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June 3, 2019

Improving Employee Engagement Through Better Communications


A proven formula for organizational success involves employee engagement, which we define as the emotional connection people have with work, which leads to discretionary effort – extra time, energy, brainpower, a willingness to take on a stretch assignment, and more. In other words, engaged employees are highly motivated to help an organization achieve its goals. And multiple research studies show that companies with engaged employees have better financial results. 

Communications is a driving force for engagement. It is the spark that keeps the emotional attachment alive even in challenging times for an organization. By communicating information employees need to do their jobs, they see how what they do matters. Likewise, hearing about an organization’s future plans, achievements and even problems or issues creates opportunities for those in the organization to gain perspective on their own futures and make significant contributions to everyone’s success. Employees usually prefer to get this kind of information from interactions with their supervisors and managers, as well as from each other. Being treated fairly and with respect also helps them feel engaged. 

There is a clear link between communication and employee engagement. In fact, research shows that companies that communicate effectively are four times as likely to report high levels of employee engagement.

Why does employee engagement matter? 

Employees who are engaged are much more likely to go “above and beyond” in their work every day. They are less likely to leave for another job. And they are more productive. According to a meta-analysis of employee engagement, companies with high workforce engagement perform better than companies with low workforce engagement including:

  • 37% lower absenteeism
  • 41% fewer safety incidents
  • 41% fewer quality defects 

On the flip side, disengaged workers have been shown to cost the U.S. economy somewhere between $483 and $605 billion annually in lost productivity. 

Employee Engagement Surveys 

Employee-communication-surveyYour communication efforts and employee engagement need to be continually monitored to assess their effectiveness. A formal way to take these measures of your performance is an annual (or even more frequent) survey, such as the Great Place to Work or Gallup surveys, or others from the many fine consulting organizations in the industry. Beyond creating an engagement score for your organization, these surveys will help you understand employees’ broad needs and identify opportunities for improvement. The one drawback is that engagement surveys often don’t focus on the importance of communication. There isn’t enough data to know what to stop, start, or continue. 

To meet that gap, many organizations are supplementing their engagement survey with a specific communications climate survey. This survey, often done in alternate years to the engagement survey, would focus on areas such as:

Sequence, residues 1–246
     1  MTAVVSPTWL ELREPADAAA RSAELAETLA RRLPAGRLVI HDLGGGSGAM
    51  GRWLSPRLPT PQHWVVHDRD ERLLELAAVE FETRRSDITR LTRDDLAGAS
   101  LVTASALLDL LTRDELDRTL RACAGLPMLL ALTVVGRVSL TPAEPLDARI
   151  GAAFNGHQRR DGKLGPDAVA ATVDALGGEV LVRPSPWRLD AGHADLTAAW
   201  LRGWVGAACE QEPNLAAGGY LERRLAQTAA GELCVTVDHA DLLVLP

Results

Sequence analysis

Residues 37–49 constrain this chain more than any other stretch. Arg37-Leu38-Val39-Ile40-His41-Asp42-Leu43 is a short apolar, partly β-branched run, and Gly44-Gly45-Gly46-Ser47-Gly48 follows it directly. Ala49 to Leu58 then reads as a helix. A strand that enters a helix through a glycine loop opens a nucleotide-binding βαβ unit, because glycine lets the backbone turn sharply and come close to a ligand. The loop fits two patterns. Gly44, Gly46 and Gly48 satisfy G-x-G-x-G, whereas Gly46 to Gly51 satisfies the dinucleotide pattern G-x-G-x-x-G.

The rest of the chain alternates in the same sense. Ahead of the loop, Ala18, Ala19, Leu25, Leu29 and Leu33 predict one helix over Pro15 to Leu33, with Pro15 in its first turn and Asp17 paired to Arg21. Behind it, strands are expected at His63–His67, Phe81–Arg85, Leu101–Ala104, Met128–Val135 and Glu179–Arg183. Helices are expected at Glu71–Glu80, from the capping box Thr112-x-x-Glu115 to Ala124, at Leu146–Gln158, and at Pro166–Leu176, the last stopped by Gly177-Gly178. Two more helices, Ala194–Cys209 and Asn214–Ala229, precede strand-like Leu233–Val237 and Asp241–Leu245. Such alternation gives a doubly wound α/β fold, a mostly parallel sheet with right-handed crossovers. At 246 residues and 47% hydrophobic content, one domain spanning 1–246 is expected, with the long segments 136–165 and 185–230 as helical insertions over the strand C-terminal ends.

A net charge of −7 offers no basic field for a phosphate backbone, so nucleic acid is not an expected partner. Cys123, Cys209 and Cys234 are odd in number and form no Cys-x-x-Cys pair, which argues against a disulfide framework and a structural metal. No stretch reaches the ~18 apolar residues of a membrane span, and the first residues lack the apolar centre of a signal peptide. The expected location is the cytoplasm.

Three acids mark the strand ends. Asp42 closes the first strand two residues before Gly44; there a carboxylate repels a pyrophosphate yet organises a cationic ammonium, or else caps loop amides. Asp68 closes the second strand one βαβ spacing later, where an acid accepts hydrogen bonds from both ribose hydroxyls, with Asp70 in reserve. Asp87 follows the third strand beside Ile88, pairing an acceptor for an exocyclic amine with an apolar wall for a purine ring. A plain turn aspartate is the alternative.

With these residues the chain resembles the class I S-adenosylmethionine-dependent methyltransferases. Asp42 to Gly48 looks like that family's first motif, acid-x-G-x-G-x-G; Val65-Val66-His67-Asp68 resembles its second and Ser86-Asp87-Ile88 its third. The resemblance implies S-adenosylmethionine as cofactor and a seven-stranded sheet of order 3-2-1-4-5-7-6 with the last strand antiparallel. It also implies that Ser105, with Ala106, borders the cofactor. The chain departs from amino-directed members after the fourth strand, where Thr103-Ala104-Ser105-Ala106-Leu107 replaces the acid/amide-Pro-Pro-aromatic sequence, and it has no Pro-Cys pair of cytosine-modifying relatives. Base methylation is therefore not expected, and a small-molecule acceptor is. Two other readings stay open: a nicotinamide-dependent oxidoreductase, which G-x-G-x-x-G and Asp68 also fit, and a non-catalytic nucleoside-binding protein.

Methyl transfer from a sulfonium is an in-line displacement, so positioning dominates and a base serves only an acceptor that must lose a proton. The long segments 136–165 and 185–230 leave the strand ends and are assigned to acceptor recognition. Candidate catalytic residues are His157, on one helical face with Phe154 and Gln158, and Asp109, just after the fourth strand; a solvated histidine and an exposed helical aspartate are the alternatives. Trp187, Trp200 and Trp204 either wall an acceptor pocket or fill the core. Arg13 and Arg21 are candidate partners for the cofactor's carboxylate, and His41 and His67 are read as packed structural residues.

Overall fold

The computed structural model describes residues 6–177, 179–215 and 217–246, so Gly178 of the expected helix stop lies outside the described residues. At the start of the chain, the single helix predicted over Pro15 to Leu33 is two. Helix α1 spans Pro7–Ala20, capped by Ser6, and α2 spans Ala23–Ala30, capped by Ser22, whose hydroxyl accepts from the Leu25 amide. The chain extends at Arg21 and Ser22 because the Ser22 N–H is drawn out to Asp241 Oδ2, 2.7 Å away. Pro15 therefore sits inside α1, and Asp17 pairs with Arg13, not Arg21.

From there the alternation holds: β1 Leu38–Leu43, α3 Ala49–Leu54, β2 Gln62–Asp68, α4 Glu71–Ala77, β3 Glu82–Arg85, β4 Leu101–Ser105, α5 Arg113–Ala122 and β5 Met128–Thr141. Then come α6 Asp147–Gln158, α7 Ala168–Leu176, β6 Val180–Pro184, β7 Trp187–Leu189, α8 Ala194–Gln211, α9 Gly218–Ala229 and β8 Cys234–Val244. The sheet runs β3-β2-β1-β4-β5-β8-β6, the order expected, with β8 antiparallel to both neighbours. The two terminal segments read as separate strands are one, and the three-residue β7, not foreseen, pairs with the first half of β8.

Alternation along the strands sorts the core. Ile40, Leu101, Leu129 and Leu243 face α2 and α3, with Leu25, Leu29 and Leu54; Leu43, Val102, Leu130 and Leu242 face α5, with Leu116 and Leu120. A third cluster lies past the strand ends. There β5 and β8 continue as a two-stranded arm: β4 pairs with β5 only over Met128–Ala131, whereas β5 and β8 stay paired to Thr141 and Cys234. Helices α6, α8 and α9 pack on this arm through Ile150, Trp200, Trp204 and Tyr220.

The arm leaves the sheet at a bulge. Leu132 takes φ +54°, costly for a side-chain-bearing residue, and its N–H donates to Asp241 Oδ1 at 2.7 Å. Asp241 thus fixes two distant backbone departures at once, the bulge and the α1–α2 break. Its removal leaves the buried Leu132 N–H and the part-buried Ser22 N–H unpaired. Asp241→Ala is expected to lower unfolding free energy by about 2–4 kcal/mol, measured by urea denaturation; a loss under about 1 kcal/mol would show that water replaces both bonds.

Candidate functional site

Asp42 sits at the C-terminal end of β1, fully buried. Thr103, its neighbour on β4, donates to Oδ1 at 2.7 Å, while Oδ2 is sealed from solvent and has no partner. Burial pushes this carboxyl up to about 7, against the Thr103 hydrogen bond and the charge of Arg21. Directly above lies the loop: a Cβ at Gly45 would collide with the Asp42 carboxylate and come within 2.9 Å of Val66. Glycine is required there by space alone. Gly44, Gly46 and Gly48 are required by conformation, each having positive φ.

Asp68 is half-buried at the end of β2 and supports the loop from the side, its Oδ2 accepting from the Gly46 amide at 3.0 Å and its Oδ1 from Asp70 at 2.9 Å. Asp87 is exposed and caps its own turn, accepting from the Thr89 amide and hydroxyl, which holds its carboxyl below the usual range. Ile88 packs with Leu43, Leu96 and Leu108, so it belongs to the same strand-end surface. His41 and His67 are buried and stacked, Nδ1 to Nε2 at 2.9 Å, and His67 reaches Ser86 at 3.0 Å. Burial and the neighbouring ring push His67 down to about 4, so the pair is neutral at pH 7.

• How employees prefer to receive information
  • Potential gaps, whether within messaging, communication channels, technologies, managers, or leaders
  • The overall effectiveness of internal communications
  • Which leaders need additional support, along with learning who’s communicating effectively 

Leader’s Role 

Last but not least, any discussion of engagement needs to address the critical role leaders play in these efforts. Particularly, senior leaders must have a willingness to be visible and role model what it means to share meaningful information to employees. This isn’t a one time “town hall”; this is regular, consistent, authentic communication that builds awareness and understanding and also creates dialogue

Whether its in your detailed job description or not, leaders at every level of an organization have an important and specific role to connect the dots between the big business picture and what it means for employees. 

Specifically, the role of a leader is to:

  • Seek out and provide context for organizational information to ensure your team clearly understands how its priorities and goals fit into the organization’s and the workgroup’s overall priorities and goals
  • Make information relevant so every employee understands how he or she fits in
  • Provide job-related information so your team receives essential information to help them do its job effectively
  • Provide information and feedback on individual performance and other employee-related matters (e.g., recognition of achievements and contributions)

For leaders, this means:

  • Open communication with employees
  • Sufficiently informing employees so they:
    • Know and understand the organization and work group’s business goals and strategy
    • Understand how the goals and objectives of their work group or team fit into the organization’s overall future direction
    • Understand how the organization is performing as well as their business unit’s and specific work group’s or team’s performance
  • Encouraging constructive debate
  • Encouraging sharing of ideas about important issues facing the organization
  • Informing employees of reasons behind the decisions that affect them
  • Listening 

How engaged are your employees today? What is the impact of your communication efforts on this engagement? 

—David Grossman 

Click below to download—22nd Century Communications: Strategies to Deliver Cutting-Edge Communication, Engage Employees and Strengthen Reputation—and get key insights into the top 10 principles some of the best organizations employ to ensure their communication strategy is a positive lever in building a stronger business.

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